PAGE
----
The Final Boss: Amuzo Games’ Nick Roberts

Every month an industry leader wraps up MCV/DEVELOP with their unique insight. This month we talk to Nick Roberts, head of studio at Amuzo Games.

What brought about your transition from game magazines to game development?

My magazine career had taken me from ZX Spectrum game reviewer on Crash to editor-in-chief of legendary titles like Retro Gamer, Play and games™. It’s one particular magazine that I published for 164 issues that led me to game development though – Pokémon World! Not to sound too much like Dennis Waterman, but I wrote it, designed it, sold the ads and created the cover gifts – working with the world’s best toy companies to maximise their marketing. We were selling almost 50,000 copies a month!

With a job attending trade shows and working with marketing people for LEGO, Playmobil, Spinmaster, et al: it was one Sunday morning in bed, my wife said, “Do you realise there’s a game developer in Bournemouth making games for LEGO?” I had discovered Amuzo Games, and they were looking for someone to sell mobile games to children’s brands. Bingo!

That was 2014, Amuzo has now made over 100 games for LEGO, Playmobil, Ferrero, Disney – all the big boys. I’ve been here for 8 years, and they made me head of studio last month. So, it’s going pretty well!

What would you say is your proudest moment in the industry?

Working with the talented team to launch games™ magazine I would say. I think it was 2002. We ended up winning an award for best magazine and I made a speech!

What ambitions do you have for the future – both for yourself and for the industry as a whole?

Like many game studios, Amuzo is working hard to find “the game”. The one that brings in the money and allows us to make whatever game we want next. Our lockdown game wipEout Merge was so rewarding to make – working with Sony and Rogue. As an ex-editor of a PlayStation magazine, I’ve been like a kid in a candy store with the 3D art, sounds and music. We’re really hoping that mobile gamers take it to their heart.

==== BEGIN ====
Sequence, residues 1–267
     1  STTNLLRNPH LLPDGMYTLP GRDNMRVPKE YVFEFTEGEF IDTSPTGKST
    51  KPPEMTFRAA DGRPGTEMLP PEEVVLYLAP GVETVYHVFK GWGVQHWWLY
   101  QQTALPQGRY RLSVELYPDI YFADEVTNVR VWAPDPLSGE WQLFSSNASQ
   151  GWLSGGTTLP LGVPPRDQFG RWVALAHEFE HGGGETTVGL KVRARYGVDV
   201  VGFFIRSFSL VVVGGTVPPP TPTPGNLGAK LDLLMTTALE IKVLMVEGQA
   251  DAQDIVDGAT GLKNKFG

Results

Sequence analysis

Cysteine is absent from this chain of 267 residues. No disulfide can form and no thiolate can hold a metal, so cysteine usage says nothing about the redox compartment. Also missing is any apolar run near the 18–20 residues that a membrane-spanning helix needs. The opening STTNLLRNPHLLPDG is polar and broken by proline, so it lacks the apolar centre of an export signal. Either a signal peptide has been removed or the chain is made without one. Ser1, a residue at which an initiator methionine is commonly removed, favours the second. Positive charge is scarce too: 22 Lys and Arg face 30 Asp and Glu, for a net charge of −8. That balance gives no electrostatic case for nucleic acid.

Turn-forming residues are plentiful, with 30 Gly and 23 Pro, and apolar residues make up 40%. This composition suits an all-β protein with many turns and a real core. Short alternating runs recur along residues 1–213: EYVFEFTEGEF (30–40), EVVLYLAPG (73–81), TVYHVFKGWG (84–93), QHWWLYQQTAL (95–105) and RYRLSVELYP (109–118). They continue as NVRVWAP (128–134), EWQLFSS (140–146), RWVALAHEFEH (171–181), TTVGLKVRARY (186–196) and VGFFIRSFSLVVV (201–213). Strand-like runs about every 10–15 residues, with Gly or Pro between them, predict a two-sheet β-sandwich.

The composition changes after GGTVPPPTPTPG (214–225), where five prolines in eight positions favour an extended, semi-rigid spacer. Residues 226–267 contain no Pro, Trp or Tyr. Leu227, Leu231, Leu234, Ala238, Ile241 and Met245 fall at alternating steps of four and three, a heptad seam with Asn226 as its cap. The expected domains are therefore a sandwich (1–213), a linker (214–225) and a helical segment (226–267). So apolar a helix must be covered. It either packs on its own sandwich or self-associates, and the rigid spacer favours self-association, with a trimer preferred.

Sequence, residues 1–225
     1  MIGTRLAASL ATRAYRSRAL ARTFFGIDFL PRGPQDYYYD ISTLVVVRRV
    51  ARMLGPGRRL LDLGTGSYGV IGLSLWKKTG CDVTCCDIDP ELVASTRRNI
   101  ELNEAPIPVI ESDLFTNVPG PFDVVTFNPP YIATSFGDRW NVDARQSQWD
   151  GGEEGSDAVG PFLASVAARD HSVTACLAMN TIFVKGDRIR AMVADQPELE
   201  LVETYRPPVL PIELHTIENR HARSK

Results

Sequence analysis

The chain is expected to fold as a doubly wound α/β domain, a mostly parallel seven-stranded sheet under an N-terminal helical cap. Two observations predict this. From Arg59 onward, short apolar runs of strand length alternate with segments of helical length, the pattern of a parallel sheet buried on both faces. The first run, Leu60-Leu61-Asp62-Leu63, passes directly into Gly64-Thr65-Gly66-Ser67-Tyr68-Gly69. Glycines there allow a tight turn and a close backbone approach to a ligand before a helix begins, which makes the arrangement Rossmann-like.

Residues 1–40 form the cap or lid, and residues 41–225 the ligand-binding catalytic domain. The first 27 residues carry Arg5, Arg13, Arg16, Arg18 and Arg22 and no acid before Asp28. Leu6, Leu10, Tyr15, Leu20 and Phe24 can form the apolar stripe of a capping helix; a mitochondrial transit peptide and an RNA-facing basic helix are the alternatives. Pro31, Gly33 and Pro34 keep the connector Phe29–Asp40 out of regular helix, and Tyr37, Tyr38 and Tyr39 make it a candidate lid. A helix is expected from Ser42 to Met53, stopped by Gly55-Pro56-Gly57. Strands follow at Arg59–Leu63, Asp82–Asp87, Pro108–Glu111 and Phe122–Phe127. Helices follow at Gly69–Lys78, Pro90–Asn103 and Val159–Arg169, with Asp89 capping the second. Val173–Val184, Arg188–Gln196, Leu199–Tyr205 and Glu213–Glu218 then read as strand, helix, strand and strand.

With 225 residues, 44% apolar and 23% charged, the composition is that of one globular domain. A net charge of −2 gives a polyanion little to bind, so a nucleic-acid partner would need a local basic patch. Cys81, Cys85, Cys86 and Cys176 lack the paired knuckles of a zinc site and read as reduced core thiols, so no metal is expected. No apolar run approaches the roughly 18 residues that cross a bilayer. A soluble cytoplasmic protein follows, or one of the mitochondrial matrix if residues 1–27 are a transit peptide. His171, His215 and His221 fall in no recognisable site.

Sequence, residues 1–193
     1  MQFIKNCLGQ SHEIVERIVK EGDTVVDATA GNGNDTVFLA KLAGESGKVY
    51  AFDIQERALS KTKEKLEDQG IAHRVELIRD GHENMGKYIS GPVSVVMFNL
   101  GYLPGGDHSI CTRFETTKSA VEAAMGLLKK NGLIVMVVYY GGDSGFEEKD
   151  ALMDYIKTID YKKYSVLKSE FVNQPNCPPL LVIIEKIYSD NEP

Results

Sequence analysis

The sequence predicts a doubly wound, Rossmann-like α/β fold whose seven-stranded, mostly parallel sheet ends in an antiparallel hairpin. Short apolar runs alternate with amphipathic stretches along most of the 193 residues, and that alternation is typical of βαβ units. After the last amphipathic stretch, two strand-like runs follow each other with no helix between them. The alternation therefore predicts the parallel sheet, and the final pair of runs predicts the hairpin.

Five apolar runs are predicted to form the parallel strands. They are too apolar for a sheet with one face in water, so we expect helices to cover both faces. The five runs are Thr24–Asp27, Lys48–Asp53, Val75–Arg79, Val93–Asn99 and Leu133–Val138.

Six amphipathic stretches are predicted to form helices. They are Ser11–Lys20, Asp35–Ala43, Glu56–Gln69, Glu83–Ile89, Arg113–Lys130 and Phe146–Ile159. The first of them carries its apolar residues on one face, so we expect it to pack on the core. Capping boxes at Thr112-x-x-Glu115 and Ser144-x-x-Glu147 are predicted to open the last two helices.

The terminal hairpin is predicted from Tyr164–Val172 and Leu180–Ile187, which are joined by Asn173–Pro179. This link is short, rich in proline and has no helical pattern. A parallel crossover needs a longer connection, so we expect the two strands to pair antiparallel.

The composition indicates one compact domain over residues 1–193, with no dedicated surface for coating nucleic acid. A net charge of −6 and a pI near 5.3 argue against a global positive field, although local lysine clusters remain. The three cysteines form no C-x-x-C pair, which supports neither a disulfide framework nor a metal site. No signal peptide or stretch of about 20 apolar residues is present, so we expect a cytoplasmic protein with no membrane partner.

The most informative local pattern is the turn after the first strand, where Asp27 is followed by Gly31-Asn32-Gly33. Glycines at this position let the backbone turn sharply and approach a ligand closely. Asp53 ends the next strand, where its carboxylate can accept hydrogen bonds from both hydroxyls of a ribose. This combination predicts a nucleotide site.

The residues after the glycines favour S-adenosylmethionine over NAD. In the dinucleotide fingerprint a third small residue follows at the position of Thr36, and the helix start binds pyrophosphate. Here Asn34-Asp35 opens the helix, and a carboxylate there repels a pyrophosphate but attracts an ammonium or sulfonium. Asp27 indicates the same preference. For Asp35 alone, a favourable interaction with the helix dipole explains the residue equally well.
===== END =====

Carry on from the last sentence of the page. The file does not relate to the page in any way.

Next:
Much has changed in the industry since you started, but what have been the most notable changes that have impacted you professionally?

It would have to be the rise of mobile gaming. When I started out, home computers had 48k of RAM and games took five minutes to load. Now, I’ve just downloaded Genshin Impact on iOS and it’s an 18gb download! This brings top quality games to the pocket of everybody – not just gamers – everybody. We have my in-laws sharing Wordle puzzles, my boys playing FIFA 22 on the PS5 all day, only to go to bed and continue with Football Manager under the covers.

What do you see as the gaming industry’s biggest challenges in the years ahead? Will it be able to overcome them?

Well for us at Amuzo it’s still making mobile games that engage and are fun but monetise well. Adverts get in the way, but they are a necessary evil in a time when content is expected for free. Free content on websites and apps was the death knell for the magazine industry, and free content in games was going the same way. So many games are fighting for players’ attention. But there’s a solution…

Do you think the games industry is in a healthy place right now – or headed in the right direction, at least?

Games evolve, industries evolve. Wouldn’t life be dull if they didn’t? As an old-school gamer, I am really excited by the rise of game subscription services, this will help us overcome the free to play challenge. Apple Arcade has some wonderful games, and well worth the £4.99 a month – and now Netflix Games is on the scene. I am very proud that one of the first games on Netflix has been made by Amuzo – Card Blast. I think mobile subscription games will allow game developers to get back to making great game experiences, and not have to worry about breaking up the flow with an ad for crypto.

About Chris Wallace

Chris is a freelancer writer and was MCV/DEVELOP's staff writer from November 2019 until May 2022. He joined the team after graduating from Cardiff University with a Master's degree in Magazine Journalism. He can be found on Twitter at @wallacec42, where he mostly explores his obsession with the Life is Strange series, for which he refuses to apologise.

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